Next is the divine, gooey, salted, date caramel layer. Medjool dates which are filled with fibre, calcium, potassium and zinc, are blended with water and sea salt to form a thick paste.

The bars are then topped with melted dark chocolate – the darker the better. Look for a small bar (70 % cacao or higher) filled with antioxidants and high quality fats to make these homemade bars even more tempting. Kids in France tend to prefer dark chocolate.

Ingredients (makes 12 small square bars)

  • 100g (1 cup) almond flour made from toasted, ground almonds
  • 3 tbsp coconut oil, melted
  • 1 1/2 tbsp brown rice syrup (or date or maple syrup)
  • 300g (1 ½ cups) Medjool dates, pitted and chopped
  • 13 tbsp (¾ cup) warm filtered water
  • ½ tsp sea salt
  • 100g (3 oz) small bar 70% min. dark chocolate, melted
  • 1 tbsp coconut oil, melted


1. Line a small tin with greaseproof (parchment) paper and set aside.

2. In a small bowl mix together almond flour, coconut oil and syrup until well combined. Spread the mixture into the bottom of the lined tin and place in the freezer to set.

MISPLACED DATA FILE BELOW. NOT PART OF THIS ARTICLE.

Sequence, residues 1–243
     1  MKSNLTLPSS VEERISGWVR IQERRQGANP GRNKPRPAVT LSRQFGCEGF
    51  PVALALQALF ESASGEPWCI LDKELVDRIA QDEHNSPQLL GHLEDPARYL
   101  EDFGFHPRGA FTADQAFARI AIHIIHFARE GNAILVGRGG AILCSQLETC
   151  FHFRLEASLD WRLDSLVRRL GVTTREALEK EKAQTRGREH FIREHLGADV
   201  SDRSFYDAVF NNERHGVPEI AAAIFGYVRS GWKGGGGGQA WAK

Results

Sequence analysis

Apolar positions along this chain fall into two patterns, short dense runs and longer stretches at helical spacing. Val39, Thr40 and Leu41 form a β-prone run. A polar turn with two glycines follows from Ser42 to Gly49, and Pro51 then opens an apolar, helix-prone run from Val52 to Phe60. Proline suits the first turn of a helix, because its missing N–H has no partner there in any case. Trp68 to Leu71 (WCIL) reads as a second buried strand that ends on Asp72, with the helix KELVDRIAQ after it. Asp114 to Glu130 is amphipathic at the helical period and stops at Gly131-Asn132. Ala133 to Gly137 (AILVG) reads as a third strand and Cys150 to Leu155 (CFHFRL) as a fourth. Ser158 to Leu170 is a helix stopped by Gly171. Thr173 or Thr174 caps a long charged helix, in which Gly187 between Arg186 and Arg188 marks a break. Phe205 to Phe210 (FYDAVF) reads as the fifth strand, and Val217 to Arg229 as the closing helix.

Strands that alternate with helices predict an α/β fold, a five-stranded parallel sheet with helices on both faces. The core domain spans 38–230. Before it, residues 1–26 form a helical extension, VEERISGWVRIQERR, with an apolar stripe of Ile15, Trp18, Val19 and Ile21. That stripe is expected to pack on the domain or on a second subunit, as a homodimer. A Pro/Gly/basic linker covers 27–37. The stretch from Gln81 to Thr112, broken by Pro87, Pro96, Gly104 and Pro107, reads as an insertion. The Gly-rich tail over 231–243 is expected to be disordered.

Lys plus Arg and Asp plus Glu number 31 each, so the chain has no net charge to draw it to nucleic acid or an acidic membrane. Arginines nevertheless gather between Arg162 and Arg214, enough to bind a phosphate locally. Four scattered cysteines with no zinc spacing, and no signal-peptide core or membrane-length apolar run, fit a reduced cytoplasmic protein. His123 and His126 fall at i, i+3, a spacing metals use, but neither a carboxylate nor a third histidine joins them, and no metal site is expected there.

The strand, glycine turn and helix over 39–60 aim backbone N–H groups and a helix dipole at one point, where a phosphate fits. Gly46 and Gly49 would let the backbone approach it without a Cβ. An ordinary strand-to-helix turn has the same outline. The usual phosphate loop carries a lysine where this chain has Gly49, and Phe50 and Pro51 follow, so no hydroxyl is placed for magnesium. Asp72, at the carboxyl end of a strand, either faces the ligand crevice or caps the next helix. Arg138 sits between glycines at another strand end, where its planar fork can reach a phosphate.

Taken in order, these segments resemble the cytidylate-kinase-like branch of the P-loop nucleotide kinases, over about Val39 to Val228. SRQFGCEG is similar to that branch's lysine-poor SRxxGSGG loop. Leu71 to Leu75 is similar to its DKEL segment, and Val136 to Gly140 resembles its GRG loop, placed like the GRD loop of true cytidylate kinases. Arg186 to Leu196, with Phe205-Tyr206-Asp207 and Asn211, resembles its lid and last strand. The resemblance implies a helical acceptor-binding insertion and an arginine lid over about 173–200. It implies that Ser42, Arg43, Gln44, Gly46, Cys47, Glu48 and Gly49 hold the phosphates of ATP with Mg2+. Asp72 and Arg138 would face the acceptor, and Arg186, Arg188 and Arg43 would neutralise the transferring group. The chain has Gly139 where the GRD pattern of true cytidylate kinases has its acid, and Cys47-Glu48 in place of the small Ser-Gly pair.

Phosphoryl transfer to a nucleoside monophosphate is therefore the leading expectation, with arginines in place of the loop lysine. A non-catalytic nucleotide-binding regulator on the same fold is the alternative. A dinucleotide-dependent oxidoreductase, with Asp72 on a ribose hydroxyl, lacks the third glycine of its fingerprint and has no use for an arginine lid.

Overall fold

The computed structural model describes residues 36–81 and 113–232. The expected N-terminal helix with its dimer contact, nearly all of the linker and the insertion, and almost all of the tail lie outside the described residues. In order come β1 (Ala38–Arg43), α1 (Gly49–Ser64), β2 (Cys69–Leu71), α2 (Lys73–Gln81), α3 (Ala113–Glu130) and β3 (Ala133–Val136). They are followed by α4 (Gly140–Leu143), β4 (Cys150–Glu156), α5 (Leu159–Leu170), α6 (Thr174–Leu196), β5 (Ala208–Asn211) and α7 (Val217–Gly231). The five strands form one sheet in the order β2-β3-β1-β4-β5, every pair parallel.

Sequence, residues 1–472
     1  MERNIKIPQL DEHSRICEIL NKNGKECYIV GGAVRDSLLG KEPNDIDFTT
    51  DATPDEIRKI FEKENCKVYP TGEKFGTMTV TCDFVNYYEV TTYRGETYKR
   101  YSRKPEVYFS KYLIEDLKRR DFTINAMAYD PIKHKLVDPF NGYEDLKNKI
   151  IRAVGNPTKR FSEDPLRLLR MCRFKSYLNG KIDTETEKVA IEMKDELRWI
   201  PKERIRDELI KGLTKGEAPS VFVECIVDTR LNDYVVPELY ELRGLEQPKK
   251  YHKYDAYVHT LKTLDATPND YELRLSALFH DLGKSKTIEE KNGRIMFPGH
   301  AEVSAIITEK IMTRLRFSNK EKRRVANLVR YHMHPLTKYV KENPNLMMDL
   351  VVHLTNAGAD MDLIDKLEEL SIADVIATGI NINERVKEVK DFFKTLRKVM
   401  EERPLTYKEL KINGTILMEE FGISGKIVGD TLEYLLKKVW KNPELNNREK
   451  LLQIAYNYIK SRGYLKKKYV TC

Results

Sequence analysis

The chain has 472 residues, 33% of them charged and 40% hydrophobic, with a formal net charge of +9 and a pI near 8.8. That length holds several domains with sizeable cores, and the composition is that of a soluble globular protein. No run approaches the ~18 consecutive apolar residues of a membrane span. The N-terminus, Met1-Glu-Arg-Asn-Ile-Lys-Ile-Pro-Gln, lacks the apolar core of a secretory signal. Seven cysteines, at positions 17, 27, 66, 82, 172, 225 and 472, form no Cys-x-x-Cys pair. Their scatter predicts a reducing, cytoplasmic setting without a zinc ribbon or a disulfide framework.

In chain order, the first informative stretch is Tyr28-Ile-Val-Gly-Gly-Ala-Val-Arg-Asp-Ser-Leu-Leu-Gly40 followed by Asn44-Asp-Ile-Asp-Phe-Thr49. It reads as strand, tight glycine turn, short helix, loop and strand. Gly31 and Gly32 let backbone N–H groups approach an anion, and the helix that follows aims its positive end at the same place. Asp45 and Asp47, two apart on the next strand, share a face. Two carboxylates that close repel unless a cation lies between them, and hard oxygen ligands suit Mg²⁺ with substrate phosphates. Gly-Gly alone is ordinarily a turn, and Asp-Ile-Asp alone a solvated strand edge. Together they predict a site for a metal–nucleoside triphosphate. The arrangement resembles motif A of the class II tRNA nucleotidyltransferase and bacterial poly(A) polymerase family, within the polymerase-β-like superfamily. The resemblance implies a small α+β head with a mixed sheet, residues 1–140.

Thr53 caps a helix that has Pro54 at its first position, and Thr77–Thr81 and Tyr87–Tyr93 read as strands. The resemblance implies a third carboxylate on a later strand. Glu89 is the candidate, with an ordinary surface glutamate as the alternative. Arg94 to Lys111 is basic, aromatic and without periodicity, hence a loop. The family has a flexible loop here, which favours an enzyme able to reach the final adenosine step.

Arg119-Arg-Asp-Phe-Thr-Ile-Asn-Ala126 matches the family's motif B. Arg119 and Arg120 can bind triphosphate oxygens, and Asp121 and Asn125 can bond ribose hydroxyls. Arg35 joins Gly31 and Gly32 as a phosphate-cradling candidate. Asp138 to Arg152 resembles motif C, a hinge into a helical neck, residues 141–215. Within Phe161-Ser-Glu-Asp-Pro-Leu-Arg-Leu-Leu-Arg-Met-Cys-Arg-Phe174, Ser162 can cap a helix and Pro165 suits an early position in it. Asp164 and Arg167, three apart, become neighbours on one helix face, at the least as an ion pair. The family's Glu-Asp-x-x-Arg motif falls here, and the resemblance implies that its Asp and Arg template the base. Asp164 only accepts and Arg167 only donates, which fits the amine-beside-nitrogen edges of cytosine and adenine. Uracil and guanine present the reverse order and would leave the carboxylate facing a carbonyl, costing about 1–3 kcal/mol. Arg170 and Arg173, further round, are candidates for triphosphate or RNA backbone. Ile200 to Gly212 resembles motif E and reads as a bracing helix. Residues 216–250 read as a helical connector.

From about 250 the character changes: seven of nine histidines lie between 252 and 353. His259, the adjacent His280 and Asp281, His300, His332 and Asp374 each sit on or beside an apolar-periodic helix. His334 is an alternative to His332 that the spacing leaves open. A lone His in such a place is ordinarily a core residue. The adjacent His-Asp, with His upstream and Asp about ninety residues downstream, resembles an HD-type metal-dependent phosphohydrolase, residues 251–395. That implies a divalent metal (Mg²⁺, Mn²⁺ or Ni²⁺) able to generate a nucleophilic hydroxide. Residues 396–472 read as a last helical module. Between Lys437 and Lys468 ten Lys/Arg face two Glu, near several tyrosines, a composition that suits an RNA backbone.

3. In a high-speed blender, or food processor, combine the pitted dates, filtered water and sea salt. Blend on high for 30-45 seconds, or until the dates are completely liquefied and the mixture is thick and creamy. If the date mixture is too runny, add in another date or two.

4. Pour the date liquid over the top of the set almond base in the tin. Return the tin to the freezer and let mixture set for one hour.

5. After an hour, remove the tin from freezer. Pour melted dark chocolate and coconut oil mix (melt in microwave or in bain marie) over the top, completely covering the date mixture.